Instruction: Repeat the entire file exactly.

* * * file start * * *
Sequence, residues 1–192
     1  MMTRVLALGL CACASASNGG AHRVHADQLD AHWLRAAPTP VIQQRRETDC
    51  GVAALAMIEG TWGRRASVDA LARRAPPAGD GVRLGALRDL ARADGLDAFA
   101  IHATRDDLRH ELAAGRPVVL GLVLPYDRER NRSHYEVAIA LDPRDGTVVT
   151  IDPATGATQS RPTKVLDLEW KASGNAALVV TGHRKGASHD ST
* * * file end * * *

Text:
Sequence, residues 1–192
     1  MMTRVLALGL CACASASNGG AHRVHADQLD AHWLRAAPTP VIQQRRETDC
    51  GVAALAMIEG TWGRRASVDA LARRAPPAGD GVRLGALRDL ARADGLDAFA
   101  IHATRDDLRH ELAAGRPVVL GLVLPYDRER NRSHYEVAIA LDPRDGTVVT
   151  IDPATGATQS RPTKVLDLEW KASGNAALVV TGHRKGASHD ST